turkey-prozac-funny-cartoonI am thankful for my family. My mother, my brother, even the sister that I’m not in talking terms with. I am grateful to them because each of them have touched my life and have helped mold me into the person that is writing this today. Are we the ideal notion of family? Unfortunately no. But I still love them with all my heart. Because in the end they are, and will always be, my family. It’s taken me a long time come to terms with that realization.

Since I feel it is relatively safe for me to assume that everyone that is reading these words of mine are in varied states of being alive and kicking, then let us then take a moment to be thankful for the air in our lungs and the rhythmic beating of our hearts. It’s important that we never take the life that we have been given for granted. We should also take a moment to reflect back on those who are no longer with us. Folks like my friend Angel, who has been gone for almost 15 years now, or my other buddy Marlon who died in Iraq, and my father Tomas Gonzalez Jr., whom I had the bitter sweet honor of spoon feeding him the last Thanksgiving meal he would ever have. Each one of them passed on much too young, and it is their memories that remind me to embrace the passing seconds and relish them.

Travers in his most memorable role, as Clarenc...
Travers in his most memorable role, as Clarence Odbody in It’s a Wonderful Life (Photo credit: Wikipedia)

Is it realistic to sings life’s praises 24/7? Hell no. I mean if we were just marveling at all of life’s wonders all the time we wouldn’t get much done. Plus we all have our George Bailey moments when we wonder if the world would be better off without us; when life feels more like a burden than a gift. But it important that we don’t lose sight that even though life has it’s fair share of painful moments, I personally can attest to that, it also holds more beauty than our scattered brains and modern lives will allow us to appreciate.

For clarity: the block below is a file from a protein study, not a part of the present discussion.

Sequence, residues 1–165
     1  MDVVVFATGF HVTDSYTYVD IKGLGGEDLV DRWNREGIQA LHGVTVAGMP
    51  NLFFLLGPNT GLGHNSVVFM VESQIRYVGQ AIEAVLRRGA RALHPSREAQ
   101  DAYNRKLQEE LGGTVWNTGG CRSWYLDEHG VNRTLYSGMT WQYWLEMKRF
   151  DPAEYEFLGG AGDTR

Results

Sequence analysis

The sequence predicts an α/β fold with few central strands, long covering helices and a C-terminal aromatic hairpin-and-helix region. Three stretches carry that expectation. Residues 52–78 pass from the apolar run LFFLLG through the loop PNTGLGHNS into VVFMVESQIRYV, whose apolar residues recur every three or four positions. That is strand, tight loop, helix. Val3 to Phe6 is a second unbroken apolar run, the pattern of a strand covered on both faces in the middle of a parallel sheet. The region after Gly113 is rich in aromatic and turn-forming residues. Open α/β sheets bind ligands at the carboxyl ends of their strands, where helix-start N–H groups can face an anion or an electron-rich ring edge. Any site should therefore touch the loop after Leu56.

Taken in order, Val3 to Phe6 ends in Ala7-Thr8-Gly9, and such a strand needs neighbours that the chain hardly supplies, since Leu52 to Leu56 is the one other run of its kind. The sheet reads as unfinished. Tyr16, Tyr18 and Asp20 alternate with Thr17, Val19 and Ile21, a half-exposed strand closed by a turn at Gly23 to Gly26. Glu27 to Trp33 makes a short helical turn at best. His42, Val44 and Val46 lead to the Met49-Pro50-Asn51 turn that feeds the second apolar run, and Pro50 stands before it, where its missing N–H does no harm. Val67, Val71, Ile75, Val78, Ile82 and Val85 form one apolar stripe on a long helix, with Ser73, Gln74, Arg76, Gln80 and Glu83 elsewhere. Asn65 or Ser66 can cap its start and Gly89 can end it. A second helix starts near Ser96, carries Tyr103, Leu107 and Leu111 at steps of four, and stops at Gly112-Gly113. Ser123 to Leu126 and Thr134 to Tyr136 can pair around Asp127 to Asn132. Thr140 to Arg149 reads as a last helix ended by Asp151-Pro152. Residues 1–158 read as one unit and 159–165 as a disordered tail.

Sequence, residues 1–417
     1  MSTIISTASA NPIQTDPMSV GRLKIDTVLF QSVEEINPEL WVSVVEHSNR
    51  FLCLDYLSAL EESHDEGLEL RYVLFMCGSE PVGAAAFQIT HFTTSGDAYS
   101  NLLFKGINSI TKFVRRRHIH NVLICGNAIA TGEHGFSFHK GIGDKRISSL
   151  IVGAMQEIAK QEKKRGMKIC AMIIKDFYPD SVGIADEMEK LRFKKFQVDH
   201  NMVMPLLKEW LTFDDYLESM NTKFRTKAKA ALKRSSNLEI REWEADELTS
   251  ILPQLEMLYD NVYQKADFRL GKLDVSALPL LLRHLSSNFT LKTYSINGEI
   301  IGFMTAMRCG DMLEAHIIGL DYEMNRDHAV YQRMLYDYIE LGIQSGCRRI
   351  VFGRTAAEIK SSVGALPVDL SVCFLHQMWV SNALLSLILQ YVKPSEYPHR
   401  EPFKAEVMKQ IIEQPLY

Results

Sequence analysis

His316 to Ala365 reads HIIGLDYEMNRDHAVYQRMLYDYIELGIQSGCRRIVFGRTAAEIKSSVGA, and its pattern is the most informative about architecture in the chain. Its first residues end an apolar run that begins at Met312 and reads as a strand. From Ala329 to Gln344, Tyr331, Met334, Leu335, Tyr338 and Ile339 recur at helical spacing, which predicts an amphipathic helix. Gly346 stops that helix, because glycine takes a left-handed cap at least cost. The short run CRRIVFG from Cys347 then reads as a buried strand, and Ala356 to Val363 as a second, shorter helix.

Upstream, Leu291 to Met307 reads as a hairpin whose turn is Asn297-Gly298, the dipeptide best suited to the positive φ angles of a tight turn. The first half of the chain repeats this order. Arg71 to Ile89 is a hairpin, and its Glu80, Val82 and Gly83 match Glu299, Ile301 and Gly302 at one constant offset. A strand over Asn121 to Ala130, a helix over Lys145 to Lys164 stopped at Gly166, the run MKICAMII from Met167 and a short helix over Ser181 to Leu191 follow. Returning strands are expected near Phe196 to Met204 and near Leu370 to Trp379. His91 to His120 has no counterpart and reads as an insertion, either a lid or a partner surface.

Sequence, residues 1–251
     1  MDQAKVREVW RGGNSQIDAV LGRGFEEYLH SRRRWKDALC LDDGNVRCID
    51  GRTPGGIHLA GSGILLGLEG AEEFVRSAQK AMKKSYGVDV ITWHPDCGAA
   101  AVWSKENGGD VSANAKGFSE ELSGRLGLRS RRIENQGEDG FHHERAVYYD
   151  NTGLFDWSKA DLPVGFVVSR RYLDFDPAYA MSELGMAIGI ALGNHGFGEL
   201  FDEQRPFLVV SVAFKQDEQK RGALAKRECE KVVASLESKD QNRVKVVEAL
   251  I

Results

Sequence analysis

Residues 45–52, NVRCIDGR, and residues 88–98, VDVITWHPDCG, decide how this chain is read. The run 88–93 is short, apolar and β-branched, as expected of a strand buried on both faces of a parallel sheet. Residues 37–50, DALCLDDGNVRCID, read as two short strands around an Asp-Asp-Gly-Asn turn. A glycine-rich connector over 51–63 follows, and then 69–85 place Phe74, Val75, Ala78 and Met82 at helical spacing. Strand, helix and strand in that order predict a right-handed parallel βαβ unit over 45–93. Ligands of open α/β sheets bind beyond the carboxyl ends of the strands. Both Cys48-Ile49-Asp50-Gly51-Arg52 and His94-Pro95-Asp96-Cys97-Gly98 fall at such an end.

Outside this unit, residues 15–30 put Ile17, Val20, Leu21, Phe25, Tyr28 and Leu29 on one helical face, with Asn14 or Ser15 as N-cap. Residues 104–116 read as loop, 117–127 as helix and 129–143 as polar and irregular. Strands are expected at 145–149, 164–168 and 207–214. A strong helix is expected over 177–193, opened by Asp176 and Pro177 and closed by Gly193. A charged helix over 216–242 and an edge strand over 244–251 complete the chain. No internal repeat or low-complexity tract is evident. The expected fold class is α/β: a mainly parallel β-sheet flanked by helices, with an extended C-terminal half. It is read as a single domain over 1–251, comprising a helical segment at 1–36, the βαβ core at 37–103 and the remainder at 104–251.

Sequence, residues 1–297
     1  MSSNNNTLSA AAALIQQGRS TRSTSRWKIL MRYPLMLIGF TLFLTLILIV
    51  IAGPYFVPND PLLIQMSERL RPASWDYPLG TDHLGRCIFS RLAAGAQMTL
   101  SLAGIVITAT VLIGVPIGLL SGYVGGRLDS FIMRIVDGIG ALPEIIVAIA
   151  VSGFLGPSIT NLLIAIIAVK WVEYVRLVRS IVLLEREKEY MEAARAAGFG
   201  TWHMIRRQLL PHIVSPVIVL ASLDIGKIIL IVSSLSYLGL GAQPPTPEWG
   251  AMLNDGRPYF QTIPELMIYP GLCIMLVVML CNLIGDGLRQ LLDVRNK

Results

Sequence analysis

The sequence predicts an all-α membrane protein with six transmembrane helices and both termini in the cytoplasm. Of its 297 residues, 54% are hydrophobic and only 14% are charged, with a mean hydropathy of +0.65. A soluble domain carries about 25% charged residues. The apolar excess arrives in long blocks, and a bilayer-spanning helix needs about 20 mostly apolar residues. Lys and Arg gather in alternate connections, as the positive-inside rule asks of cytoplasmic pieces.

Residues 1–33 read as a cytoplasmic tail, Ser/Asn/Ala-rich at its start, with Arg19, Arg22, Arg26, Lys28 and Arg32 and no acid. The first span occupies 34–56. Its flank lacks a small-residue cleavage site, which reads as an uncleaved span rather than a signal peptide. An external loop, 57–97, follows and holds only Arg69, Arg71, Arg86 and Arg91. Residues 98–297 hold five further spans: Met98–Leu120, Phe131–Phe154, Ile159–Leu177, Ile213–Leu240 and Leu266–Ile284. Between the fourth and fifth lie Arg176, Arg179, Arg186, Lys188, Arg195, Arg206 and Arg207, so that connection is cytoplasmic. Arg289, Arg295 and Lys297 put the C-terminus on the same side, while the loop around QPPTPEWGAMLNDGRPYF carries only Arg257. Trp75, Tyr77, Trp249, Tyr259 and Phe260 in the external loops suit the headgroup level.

Am I my feeling nervous about all this uncertainty that seems to be surrounding my life? Off course I am. Last time I checked I wasn’t an unfeeling machine like the Terminator. In fact I probably feel it a whole lot more now that I have a little baby on the way. But I also know that I’m not alone in feeling that sense of unease. That I am just one of probably millions of lost souls who so happen to be on the same boat. I would also be telling you a bold face lie if I told you I didn’t feel a twinge of anger every time I hear the CEO gleefully touting about the companies record profits, and sales, and how their innovative leadership has managed to make a significant boost to their shareholders portfolio, while those way down the corporate ladder spend sleepless nights wondering how the bills are gonna get paid if they are deemed expendable.  After all, I don’t have the inner peace of an enlightened Buddhist. But I am also trying to reconcile with the fact that life is long and unpredictable and that we can’t put all our energies and focus on possible but unfulfilled future events. Be mindful of them? Off course. Ignoring it completely is just asking for trouble. Be obsessed with it, until it starts affecting your ability to live in the now? Never.